Your wheat will gelatinize at mash temps, so the single infusion is possible, but I'd at least go through a protein rest if you're looking at >30% raw wheat.

11
that's kind of what I was thinking.

If we can heat all the water we need before, then I won't have to add cold tap water to the kettle and wait another half hour for everything to heat up, which was a major annoyance.

12
Extract/Partial Mash Brewing / Partial mash/sparge size with full boil
« on: August 02, 2011, 08:48:47 AM »
Hi all,

So I'm changing up my brewing method to take advantage of the 3 gal MLT my friend has that I'm brewing with tomorrow.  I normally do BIAB in my 10 gal kettle, but we'll just be using that to boil this time.

So we'll be mashing 5 lb of grain at 1.5 qt/lb which gives us 1.875 gal of water in the mash.  Now before I've done ghetto sparge by placing the grain bags in a colander and pouring water over them, but we'll be doing a batch sparge with the cooler.  Beersmith says I'll need to collect 6.4 gallons of sparge to have enough preboil volume to hit my final target volume (90 min boil with 1 gallon total loss to kettle and fermenter means 7.75 gallons pre-boil).  Now, common sense says that 6.4 gal is WAY too much and that the pH will rise too much and we'll extract bad stuff.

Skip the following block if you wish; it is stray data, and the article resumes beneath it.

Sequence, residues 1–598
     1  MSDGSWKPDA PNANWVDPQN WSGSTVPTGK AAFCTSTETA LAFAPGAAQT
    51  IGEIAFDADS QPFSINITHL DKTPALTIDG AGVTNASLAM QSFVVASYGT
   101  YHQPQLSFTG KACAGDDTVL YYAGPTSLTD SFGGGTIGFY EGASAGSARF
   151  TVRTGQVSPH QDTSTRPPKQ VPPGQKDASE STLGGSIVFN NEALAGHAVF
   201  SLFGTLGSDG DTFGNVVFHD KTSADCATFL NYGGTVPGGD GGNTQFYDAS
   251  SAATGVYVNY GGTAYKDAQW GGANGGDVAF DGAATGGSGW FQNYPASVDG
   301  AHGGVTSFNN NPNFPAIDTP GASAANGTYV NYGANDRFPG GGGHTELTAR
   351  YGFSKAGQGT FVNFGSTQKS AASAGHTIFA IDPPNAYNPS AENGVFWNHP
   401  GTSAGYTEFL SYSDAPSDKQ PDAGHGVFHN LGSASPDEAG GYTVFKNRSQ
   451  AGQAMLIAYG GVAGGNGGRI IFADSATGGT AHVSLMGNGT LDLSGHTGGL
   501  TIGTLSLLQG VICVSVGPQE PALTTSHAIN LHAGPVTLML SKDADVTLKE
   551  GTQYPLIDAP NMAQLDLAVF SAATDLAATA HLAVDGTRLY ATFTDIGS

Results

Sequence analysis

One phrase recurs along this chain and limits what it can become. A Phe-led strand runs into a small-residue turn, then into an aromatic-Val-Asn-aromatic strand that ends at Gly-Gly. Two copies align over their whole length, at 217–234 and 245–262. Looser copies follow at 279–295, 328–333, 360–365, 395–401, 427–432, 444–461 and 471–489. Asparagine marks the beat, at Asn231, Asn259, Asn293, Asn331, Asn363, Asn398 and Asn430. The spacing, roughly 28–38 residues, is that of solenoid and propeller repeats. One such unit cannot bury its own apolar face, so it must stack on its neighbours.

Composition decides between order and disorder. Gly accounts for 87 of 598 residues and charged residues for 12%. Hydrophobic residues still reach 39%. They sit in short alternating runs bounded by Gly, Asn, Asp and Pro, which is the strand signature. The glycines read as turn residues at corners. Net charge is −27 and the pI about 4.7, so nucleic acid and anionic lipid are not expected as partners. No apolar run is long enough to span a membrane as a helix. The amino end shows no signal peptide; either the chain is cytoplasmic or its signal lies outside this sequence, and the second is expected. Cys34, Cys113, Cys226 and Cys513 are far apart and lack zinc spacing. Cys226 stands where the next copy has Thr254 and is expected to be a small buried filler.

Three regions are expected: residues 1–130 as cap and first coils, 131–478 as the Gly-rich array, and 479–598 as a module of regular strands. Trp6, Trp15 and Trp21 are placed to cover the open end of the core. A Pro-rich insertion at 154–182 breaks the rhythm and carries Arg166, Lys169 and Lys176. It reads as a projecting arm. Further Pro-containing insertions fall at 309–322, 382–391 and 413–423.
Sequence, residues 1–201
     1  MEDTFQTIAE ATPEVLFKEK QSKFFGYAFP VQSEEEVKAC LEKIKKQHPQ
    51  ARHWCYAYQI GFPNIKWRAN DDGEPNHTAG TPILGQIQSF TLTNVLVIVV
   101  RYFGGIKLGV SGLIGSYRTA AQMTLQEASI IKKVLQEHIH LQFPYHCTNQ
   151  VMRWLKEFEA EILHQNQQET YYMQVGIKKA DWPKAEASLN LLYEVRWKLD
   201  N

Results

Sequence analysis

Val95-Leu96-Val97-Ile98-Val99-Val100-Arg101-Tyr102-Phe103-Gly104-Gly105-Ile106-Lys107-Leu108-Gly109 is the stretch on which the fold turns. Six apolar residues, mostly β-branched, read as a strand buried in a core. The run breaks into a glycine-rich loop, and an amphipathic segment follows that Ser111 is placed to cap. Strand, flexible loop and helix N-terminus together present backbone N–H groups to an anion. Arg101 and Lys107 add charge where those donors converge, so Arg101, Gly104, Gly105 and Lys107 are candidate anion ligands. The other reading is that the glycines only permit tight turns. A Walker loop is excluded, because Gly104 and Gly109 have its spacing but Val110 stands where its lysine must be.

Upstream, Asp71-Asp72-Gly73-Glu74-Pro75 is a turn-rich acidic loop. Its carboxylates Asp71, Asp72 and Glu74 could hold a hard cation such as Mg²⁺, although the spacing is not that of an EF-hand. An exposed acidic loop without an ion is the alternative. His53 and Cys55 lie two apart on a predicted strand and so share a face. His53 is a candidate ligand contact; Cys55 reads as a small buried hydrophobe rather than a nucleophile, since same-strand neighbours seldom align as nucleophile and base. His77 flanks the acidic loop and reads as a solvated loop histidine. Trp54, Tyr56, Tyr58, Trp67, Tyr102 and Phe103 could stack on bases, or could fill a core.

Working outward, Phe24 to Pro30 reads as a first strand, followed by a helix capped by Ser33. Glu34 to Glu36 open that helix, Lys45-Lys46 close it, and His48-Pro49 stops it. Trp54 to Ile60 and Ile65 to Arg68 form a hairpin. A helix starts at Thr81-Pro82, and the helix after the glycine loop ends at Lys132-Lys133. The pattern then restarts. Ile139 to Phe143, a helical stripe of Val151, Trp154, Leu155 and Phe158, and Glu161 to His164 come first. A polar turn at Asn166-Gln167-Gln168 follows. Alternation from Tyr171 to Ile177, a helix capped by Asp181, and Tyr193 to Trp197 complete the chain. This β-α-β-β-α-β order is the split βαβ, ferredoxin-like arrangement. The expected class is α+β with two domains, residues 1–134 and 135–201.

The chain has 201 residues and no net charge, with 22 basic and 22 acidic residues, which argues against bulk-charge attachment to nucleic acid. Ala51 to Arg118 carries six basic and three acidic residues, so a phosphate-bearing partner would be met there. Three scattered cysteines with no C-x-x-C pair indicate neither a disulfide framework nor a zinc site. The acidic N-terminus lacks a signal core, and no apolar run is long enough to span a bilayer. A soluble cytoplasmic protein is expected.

My instinct is to just mash it, drain it, and sparge with ~1.5x the mash volume, or 2.8125 gallons (split into two sparges), and then top off with water in the kettle, which is what I've always done before since my capacity to heat sparge water was really limited.  Is my instinct right?  Could I get away with sparging more?  If I sparge more, should I adjust the pH of the sparge water?  I know sparging should stop when the runoff drops below 1.010, can I just sparge until this happens?  With his other kettle, we should be able to heat as much sparge water as needed, so no worries there.

Oy, what should I do?

Cheers,
Colin

13
That being said, I do know a few places on the above list that some how manage to apply the discount to the entire order.
yup, goose does 20% on the entire order (not sure how they get around that), which makes up the $38 REAL quick.  haymarket did 20% on food when I went there.

14
People in Chicago have no excuse.  The discount at brew & grow and the Goose brewpub pay for the membership REAL quick.

15
So I'm a Physicist rather than a Chemist and don't know these things, but pH is the concentration of hydrogen ions in solution, and shouldn't that stay the same as temp increases?  Or does it respond inhomogeneously to temperature increase and effectively affect the concentration when heated?